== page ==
Early Women’s Bracketology

From ESPN.com
CremeBy Charlie Creme
Special to ESPN.com

Although the ink on most of those first-semester final exams isn’t even dry yet and, for the most part, conference play hasn’t even begun, some truths about this season appear to be self-evident. A few are laid out here, but the unknowns always outnumber the knowns at this point in any season. So let this serve as something of a checkpoint on the journey to Selection Monday and then to San Antonio.

The No. 1 seeds

We know Connecticut and Stanford will be No. 1 seeds come March 15th. Only an act of God (global warming melting all the snow at once and turning Storrs into a cross between Atlantis and Kevin Costner’s “Waterworld”) or at least Santa showing up at your house next week (don’t let the kids read this) will prevent the Huskies from being the top seed in Dayton.

Stanford is in the midst of as tough a scheduling week as any team can play. The Cardinal meet Duke, Tennessee and UConn all within eight days. The pasting of the Blue Devils on Tuesday night illustrated that Tara VanDerveer’s club is more than equipped to handle it. Given the relative weakness of the Pac-10 this season, the majority of the Cardinal nights after Christmas will be relatively comfortable.

We don’t know who will be the other two top seeds. Tennessee looks to be a good bet at this stage for one, but it’s a simple fact that after the Huskies and Cardinal, a significant drop-off exists. That’s not to disparage the rest of the country. Those two schools are just that exceptional.

The Lady Vols should be in a large mix that includes Notre Dame, Duke, Baylor, Ohio State, LSU and, perhaps, Texas A&M, Florida State and North Carolina for those final two No. 1 seeds. This time around, Tennessee and Notre Dame were relatively easy choices because they are the two most accomplished among the unbeatens.

Conference call

We know the West is weak. The first trip to bracketville for the 2009-10 season produced just two Pac-10 teams and one Mountain West club in the field. That should change by March, but probably not by much. Both conferences are down. Cal isn’t as good as in recent years, yet not one from the group of USC, UCLA and Oregon is clearly ready to leapfrog the Bears to become the Pac-10’s third-best team. In the MWC, San Diego State hasn’t played to expectations, Utah appears to be rebuilding and New Mexico has only one victory that approaches a quality win.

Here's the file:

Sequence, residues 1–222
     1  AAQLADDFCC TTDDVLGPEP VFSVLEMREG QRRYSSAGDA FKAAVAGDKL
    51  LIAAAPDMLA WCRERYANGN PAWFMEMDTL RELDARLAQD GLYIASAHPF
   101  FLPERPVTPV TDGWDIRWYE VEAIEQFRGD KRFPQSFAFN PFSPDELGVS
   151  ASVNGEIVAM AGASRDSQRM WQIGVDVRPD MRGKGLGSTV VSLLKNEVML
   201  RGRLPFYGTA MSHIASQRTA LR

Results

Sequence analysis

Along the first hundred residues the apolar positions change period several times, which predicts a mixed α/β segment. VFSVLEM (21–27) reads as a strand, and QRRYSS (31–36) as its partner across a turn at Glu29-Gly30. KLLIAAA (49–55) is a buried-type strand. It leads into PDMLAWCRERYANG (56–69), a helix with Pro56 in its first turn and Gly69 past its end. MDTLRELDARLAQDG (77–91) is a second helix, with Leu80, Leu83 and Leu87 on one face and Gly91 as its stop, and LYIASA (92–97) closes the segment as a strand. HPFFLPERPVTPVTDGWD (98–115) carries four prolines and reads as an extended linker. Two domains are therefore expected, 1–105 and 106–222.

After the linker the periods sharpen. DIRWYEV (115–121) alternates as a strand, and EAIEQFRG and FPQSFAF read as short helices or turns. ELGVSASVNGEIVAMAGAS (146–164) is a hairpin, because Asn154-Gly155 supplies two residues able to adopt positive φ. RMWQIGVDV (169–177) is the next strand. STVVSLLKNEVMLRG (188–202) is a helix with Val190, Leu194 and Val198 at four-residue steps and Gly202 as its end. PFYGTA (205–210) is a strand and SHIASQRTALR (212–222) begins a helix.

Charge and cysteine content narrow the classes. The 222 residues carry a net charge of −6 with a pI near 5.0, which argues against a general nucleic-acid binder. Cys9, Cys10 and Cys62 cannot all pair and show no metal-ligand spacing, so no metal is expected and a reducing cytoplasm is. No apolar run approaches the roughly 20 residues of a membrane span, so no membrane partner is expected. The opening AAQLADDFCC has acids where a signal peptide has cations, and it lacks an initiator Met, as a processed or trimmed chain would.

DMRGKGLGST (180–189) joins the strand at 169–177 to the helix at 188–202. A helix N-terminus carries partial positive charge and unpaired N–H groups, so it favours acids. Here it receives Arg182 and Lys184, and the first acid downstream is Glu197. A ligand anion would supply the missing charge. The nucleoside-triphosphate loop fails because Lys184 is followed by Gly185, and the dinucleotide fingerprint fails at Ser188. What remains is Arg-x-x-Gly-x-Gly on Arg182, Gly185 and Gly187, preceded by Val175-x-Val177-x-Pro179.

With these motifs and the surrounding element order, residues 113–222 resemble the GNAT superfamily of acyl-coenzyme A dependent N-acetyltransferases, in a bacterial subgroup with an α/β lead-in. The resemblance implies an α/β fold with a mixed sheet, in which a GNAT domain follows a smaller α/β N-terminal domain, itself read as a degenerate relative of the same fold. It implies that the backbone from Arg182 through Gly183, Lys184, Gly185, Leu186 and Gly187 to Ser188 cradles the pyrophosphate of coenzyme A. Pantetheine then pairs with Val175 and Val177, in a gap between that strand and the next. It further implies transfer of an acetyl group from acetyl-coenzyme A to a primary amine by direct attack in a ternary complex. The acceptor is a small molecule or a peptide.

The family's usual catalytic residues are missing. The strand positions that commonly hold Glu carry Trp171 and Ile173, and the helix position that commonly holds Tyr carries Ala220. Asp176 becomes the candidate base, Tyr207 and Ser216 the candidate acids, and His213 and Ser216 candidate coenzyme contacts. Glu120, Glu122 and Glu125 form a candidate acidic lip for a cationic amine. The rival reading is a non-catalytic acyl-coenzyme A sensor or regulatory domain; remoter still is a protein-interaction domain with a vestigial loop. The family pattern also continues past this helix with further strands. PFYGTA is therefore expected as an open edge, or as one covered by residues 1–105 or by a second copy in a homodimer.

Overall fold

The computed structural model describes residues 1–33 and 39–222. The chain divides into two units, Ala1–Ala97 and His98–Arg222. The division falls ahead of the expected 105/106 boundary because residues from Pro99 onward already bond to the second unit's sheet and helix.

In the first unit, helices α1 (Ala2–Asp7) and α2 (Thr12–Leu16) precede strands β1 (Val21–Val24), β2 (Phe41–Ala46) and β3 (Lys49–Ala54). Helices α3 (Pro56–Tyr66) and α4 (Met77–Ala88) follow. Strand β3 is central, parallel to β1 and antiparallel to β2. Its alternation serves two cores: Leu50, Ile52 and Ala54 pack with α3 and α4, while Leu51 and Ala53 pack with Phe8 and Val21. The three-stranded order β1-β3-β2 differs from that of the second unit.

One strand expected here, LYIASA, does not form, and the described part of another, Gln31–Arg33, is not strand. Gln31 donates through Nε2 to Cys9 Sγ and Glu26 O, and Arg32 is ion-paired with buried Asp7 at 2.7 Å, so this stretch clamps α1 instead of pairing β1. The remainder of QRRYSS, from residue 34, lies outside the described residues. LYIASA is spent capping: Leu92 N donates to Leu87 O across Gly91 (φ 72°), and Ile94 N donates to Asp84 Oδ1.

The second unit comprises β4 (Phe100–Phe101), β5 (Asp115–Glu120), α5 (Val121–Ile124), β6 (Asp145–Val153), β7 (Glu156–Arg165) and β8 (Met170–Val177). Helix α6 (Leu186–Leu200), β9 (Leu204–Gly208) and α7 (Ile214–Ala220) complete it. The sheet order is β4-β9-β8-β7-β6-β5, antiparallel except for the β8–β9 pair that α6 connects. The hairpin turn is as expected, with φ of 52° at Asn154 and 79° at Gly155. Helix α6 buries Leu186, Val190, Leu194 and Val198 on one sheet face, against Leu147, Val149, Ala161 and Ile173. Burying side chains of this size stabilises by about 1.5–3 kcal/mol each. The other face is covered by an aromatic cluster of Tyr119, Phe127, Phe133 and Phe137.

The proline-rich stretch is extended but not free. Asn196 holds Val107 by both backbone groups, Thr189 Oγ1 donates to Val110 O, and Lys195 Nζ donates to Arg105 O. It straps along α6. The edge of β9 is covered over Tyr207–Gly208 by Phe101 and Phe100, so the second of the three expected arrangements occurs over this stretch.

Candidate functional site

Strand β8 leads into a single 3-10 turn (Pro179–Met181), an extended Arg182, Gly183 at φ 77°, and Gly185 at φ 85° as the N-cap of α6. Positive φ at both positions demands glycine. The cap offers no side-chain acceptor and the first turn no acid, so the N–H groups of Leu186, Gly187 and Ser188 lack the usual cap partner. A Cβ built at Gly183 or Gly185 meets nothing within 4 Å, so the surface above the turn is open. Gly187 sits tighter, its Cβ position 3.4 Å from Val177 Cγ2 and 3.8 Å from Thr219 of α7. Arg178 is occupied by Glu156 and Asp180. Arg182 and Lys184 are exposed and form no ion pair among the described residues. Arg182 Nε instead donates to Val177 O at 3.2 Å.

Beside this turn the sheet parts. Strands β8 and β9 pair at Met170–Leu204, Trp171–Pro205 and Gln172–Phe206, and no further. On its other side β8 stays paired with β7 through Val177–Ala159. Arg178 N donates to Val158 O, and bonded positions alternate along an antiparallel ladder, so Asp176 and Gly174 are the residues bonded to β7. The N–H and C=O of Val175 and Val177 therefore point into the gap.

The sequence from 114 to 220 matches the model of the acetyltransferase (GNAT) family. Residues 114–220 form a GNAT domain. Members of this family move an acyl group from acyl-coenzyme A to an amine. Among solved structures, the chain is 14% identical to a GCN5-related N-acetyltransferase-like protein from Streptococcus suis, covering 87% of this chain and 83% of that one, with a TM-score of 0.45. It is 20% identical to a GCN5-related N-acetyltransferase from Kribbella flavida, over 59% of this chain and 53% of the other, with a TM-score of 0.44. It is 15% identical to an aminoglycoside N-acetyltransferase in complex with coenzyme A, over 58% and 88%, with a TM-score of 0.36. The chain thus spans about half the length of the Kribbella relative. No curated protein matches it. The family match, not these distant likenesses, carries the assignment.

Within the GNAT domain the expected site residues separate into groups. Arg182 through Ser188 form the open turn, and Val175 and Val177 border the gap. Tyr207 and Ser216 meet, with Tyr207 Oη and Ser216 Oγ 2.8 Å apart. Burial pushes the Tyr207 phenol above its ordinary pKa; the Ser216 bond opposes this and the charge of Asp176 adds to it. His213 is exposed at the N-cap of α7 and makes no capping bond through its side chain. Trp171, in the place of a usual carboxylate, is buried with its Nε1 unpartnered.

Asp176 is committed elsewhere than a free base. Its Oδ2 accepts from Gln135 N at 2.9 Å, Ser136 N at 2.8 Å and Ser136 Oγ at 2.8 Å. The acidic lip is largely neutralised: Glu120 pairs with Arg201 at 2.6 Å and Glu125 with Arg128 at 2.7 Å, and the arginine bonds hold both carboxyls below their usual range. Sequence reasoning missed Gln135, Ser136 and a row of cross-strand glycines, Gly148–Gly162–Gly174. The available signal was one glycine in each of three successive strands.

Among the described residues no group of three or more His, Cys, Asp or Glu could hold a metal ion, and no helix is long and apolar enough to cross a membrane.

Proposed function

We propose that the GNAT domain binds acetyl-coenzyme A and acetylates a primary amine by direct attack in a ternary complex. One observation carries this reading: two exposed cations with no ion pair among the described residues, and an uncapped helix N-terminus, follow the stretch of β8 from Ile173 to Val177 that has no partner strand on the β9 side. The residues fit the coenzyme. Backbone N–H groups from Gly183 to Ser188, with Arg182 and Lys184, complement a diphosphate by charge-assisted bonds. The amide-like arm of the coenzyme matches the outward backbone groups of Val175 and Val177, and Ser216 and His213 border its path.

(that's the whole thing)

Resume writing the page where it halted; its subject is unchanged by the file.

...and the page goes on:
We don’t know which teams might be able to take advantage. Temple, Dayton and St. Bonaventure all joined Xavier from the Atlantic 10 in this week’s bracket. Vermont also made it as an at-large.

None of the other mid-major leagues appear to have at-large possibilities at this point. Keep an eye on the MAC and Colonial, though. Gonzaga, South Dakota State and Wisconsin-Green Bay are the individual teams that could be in the conversation at season’s end in case they don’t win their league tournaments, although the Zags and Jackrabbits will regret not doing a bit more in the non-conference season.

The Big Ten and Big 12 are also deep (even if not as high quality as in years past in the case of the Big 12) and should have clubs on the tournament fence all season.

Baylor bits

We know Baylor freshman Brittney Griner is a major impact player already. Not that this is a total surprise, but the acceleration of the learning curve might be. At first, Griner’s impact was mostly on the defensive end. In the opener at Tennessee, she took just eight shots. At Madison Square Garden on Sunday against Boston College, Griner had 24 field goal attempts, three times as many as any other Baylor player. The improvement has been quick and noticeable.